Kiss the Baby Goodbye could be read as a celebration of Walters. It’s a breathtakingly beautiful work, lovingly crafted. It maintains Walters’s clean lines, his modernist aesthetic. Then again, it also looks like an awesome institutional barricade, a corporate castle gate. Or, perhaps it is belittling to represent a Walters as a kitset, as if it were childish work. Then again, Walters did determine his complex koru compositions through the cunning manipulation of paper-collage kitsets. In offering a Walters as a kitset, Parekowhai might also be evoking the Duchampian idea, that it is the viewer’s job to complete the work. On the other hand, he may be inviting us to rip the work apart and fashion something new from it.
Is Parekowhai’s work a critique of Walters’s appropriation? How could it be when, like much of Parekowhai’s work, it is itself an instance of appropriation? Is this the pot calling the kettle black?
Julian Dashper’s works cross-reference the styles, works and legends of past art. For instance, in 1989, Dashper produced a series of paintings and drawings which picture the year he was born: 1960. In each he writes that date with the help of French curves—a drawing aid. These works surely refer to Rita Angus’s painting AD 1968 of 1968.
In Angus’s work, a stick, two seahorses, and a couple of tanks conspire to tell the time. Meanwhile, Dashper provides abstract-decorative-illumination of a time long past. Angus’s fantastic landscape is rendered in a tightly controlled, hard-edged manner. Every spot of the picture is covered. You could describe her style as colouring-in. Dashper’s works on the other hand are more loosely rendered. The compositions are drawn rather than painted, and the picture is never completely coloured in. Angus’s work records the year of its making, while Dashper’s celebrate the year of his making. Angus did just the one—a singular masterpiece. Dashper, however, produces plenty of examples.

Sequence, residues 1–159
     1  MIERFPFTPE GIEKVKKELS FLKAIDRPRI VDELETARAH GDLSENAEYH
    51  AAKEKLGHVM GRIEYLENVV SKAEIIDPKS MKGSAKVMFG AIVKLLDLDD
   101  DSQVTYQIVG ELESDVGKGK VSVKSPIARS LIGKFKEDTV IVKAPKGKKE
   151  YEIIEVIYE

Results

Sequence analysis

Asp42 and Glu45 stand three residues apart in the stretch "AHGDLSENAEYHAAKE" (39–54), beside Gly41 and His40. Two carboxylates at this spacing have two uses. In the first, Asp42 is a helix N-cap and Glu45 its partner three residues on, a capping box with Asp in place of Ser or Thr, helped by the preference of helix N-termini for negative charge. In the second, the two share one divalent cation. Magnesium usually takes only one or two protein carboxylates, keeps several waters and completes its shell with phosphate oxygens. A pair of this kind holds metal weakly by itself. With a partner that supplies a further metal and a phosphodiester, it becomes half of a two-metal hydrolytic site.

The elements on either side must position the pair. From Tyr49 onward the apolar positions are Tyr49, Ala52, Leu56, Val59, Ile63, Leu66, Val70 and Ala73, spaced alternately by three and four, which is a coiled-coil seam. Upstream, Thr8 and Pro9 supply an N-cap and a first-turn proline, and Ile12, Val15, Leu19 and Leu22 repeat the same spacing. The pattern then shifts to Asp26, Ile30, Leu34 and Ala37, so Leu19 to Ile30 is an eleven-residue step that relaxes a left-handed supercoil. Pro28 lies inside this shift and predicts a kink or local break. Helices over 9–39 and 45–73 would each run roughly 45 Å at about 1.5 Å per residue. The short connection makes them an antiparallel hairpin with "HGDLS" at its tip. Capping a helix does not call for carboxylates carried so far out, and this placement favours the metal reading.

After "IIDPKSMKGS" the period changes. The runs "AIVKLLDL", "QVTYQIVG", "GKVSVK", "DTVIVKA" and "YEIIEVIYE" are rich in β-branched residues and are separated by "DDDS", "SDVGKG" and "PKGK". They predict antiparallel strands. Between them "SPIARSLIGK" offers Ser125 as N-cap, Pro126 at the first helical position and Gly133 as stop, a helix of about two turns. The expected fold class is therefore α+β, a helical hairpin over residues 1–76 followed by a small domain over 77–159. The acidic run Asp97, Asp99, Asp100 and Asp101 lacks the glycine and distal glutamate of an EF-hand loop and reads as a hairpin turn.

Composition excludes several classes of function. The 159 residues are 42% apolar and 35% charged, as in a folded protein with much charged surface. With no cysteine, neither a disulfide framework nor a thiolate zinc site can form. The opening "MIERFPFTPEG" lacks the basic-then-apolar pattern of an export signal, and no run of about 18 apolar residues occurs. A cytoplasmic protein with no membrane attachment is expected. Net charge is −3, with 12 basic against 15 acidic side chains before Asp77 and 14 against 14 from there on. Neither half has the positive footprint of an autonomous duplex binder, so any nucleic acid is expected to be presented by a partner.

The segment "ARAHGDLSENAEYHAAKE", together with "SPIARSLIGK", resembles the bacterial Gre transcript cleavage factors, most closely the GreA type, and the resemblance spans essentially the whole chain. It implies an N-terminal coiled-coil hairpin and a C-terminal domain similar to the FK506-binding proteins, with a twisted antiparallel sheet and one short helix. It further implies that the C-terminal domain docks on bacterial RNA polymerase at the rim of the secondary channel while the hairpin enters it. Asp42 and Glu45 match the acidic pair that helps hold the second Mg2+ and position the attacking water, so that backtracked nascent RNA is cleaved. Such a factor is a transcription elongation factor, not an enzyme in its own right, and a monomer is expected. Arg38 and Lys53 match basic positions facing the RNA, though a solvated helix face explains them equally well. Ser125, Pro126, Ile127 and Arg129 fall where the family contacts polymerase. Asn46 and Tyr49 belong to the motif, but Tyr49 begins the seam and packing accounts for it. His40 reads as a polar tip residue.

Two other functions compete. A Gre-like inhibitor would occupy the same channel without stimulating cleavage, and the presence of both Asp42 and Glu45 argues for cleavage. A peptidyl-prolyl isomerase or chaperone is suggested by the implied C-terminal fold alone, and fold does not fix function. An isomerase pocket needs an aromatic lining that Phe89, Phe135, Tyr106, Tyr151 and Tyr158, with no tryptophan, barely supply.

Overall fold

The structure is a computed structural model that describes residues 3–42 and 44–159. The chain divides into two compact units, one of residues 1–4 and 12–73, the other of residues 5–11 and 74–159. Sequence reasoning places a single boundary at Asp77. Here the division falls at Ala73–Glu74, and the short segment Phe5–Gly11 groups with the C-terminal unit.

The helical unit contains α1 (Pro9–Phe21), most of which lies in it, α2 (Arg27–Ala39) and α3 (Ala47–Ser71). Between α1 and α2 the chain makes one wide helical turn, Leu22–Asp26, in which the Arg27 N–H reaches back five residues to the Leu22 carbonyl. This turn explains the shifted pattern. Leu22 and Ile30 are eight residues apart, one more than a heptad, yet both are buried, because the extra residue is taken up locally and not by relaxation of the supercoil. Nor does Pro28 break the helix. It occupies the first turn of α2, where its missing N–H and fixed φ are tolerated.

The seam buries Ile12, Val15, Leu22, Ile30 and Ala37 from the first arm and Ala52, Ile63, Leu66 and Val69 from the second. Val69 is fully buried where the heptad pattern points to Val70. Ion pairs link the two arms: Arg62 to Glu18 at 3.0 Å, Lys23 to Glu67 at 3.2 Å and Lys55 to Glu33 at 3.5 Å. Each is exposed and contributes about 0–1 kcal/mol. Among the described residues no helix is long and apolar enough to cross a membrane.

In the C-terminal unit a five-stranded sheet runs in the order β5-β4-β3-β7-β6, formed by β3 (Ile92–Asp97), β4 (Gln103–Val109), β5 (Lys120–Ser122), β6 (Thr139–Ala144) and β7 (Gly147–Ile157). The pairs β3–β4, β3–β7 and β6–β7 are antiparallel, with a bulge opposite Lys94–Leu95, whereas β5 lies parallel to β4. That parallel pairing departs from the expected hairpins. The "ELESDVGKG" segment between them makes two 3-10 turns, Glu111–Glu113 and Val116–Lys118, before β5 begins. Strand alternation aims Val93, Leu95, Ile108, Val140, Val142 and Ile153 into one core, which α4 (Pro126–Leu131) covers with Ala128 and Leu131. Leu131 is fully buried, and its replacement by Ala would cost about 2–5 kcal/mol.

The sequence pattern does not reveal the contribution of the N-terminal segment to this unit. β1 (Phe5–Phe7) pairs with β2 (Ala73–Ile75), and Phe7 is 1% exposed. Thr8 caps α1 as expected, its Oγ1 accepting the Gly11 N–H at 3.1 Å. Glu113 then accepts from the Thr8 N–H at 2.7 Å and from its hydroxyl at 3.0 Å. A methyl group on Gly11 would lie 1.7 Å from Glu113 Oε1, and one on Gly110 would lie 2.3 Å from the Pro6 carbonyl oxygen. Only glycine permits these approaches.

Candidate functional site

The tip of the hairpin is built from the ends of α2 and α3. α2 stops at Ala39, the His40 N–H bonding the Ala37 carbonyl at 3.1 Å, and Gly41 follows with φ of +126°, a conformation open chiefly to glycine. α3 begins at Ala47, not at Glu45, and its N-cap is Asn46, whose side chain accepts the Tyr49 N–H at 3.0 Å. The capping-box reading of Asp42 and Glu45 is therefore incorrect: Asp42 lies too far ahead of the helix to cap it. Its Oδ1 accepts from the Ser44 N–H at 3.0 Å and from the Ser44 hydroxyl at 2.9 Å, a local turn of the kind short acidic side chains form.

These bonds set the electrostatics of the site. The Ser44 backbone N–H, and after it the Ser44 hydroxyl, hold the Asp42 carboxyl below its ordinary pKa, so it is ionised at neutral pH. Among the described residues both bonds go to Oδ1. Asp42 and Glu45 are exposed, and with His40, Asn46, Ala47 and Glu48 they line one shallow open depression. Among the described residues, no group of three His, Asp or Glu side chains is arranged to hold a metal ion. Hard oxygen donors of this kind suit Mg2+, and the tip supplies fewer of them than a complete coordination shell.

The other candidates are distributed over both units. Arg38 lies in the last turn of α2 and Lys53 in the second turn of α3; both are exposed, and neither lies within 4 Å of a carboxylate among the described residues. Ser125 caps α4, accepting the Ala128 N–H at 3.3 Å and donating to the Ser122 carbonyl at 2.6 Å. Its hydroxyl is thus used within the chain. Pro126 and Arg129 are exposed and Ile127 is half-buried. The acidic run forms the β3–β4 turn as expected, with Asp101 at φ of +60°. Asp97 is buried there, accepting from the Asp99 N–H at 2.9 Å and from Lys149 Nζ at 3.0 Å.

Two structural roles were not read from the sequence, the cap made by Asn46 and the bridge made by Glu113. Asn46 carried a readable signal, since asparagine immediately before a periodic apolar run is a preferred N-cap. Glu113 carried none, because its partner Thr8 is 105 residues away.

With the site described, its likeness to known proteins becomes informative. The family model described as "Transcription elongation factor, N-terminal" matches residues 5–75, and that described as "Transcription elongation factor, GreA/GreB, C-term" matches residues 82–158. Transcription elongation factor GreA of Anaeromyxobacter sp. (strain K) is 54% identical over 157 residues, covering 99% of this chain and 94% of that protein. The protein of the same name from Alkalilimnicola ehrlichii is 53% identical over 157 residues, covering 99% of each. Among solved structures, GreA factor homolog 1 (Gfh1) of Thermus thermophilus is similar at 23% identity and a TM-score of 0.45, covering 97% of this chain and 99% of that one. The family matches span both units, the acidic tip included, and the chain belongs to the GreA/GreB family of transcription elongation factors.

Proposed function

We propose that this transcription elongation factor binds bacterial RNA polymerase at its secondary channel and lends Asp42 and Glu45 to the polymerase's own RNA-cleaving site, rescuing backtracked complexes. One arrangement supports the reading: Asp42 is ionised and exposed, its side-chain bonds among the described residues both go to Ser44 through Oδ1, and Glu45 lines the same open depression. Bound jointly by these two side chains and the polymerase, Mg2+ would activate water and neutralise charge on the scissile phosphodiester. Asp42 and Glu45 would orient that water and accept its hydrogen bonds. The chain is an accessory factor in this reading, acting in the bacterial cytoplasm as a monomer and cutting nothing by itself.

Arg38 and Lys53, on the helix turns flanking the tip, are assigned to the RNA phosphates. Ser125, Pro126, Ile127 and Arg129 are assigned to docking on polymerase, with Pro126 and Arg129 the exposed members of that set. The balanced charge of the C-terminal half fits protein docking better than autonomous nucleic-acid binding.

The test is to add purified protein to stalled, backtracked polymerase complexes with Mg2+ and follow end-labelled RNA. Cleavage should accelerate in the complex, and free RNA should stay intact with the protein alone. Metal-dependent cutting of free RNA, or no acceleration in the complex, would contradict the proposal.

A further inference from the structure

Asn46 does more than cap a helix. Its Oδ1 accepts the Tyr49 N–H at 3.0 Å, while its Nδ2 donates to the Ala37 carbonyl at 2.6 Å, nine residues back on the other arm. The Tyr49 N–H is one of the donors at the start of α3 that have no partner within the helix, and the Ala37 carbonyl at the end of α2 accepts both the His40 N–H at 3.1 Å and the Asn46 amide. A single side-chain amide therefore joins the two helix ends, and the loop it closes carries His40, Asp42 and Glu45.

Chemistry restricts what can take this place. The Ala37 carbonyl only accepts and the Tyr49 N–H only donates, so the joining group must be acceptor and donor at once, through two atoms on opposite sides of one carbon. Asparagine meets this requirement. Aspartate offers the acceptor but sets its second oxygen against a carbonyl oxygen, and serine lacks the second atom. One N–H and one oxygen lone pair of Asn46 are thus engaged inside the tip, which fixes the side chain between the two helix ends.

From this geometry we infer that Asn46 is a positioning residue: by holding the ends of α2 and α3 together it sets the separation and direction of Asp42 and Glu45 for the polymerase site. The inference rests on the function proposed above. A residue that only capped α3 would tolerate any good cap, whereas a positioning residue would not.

Not only do Dashper’s 1960 works seem to have little to do with Angus, they seem have a little to do with several other canonical figures in New Zealand painting. McCahon also did paintings of numbers. But Dashper’s 1960 works are far lighter than McCahon’s portentous Teaching Aids. Gordon Walters is another possible reference point. Walters made french curves the subject of a still life in 1943, anticipating the use of Maori curves in his later koru series. But, apart from the French connection, Dashper’s 1960 works have little in common with Walters’s works.
Until recently, most of Dashper’s homages have involved canonical figures in the intimate New Zealand art scene. Now, he increasingly looks offshore. In Untitled (Italian Zip) (1993–4) and Untitled (The Scream) (1991–3), photographs are combined with found objects. Dashper’s passport photograph hides behind a lengthy zipper and a series of photos of italicised Os is accompanied by an inventive homemade collapsible wooden potty seat. Both works have a superficial visual similarity to famous expressionist paintings. Untitled (Italian Zip) refers to Barnett Newman’s zip paintings; the aperture in the toilet and the elongated Os in Untitled (The Scream) recall the recently returned Edvard Munch painting.
Neither Dashper’s Newman nor his Munch follow the logic or style of Newman or Munch. Dashper’s zip is mundane rather than sublime. Instead of being backed by the awesome otherness of God, it is the artist’s diminutive self which coyly peeks out from behind. Similarly, Dashper’s Scream is not figurative, garish, and demented, but abstract, graphic, colourless, and cool. These works move in the opposite direction from those they might be thought to pay homage to. Instead, they follow the logic of conceptual art or readymades.
Dashper’s works have been read as erudite commentaries on their sources, yet they could also be read in just the opposite way—Dashper wresting signature elements away from their originators and their grounding in art history. He decontextualises motifs, styles, and procedures and creates new thoughts for them. Notwithstanding Dashper’s own desire to be part of the canon, his work also exposes and taunts our desire to put him in one.
These works by Michael Parekowhai and Julian Dashper are homages, at least in part, because the artists acknowledge and value the space that has been cut out for them by their predecessors. They could not make their works without that history. Yet these homages are perverse, because they would capture that ground for themselves by inverting or deranging the logic of their sources. Rather than become victims to value systems that precede them, Parekowhai and Dashper appropriate art history and refigure it for their own use.
[IMAGE: Michael Parekowhai After Dunlop 1989]
- Rhonda Lieberman, ‘Fear and Loathing in Vienna: Thomas Bernhard’s Subjects’, Artforum, January 1994.